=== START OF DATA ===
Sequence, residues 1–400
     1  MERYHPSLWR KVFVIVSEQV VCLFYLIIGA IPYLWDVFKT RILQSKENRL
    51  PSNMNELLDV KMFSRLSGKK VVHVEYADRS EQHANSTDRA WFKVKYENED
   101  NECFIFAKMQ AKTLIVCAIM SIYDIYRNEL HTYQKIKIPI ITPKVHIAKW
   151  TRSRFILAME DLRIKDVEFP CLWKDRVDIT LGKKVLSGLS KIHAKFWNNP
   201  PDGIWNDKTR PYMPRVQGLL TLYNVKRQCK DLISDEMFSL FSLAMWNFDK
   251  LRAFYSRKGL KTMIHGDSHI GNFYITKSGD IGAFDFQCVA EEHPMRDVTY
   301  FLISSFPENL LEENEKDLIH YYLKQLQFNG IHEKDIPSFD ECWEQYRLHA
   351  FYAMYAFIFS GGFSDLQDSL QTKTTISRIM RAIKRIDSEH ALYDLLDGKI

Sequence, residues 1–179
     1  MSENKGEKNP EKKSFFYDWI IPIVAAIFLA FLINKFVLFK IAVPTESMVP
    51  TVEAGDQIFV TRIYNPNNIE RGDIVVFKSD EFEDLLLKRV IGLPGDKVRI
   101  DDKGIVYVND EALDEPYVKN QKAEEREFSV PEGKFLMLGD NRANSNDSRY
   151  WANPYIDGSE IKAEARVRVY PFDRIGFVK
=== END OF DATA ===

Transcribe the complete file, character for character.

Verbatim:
Sequence, residues 1–400
     1  MERYHPSLWR KVFVIVSEQV VCLFYLIIGA IPYLWDVFKT RILQSKENRL
    51  PSNMNELLDV KMFSRLSGKK VVHVEYADRS EQHANSTDRA WFKVKYENED
   101  NECFIFAKMQ AKTLIVCAIM SIYDIYRNEL HTYQKIKIPI ITPKVHIAKW
   151  TRSRFILAME DLRIKDVEFP CLWKDRVDIT LGKKVLSGLS KIHAKFWNNP
   201  PDGIWNDKTR PYMPRVQGLL TLYNVKRQCK DLISDEMFSL FSLAMWNFDK
   251  LRAFYSRKGL KTMIHGDSHI GNFYITKSGD IGAFDFQCVA EEHPMRDVTY
   301  FLISSFPENL LEENEKDLIH YYLKQLQFNG IHEKDIPSFD ECWEQYRLHA
   351  FYAMYAFIFS GGFSDLQDSL QTKTTISRIM RAIKRIDSEH ALYDLLDGKI

Sequence, residues 1–179
     1  MSENKGEKNP EKKSFFYDWI IPIVAAIFLA FLINKFVLFK IAVPTESMVP
    51  TVEAGDQIFV TRIYNPNNIE RGDIVVFKSD EFEDLLLKRV IGLPGDKVRI
   101  DDKGIVYVND EALDEPYVKN QKAEEREFSV PEGKFLMLGD NRANSNDSRY
   151  WANPYIDGSE IKAEARVRVY PFDRIGFVK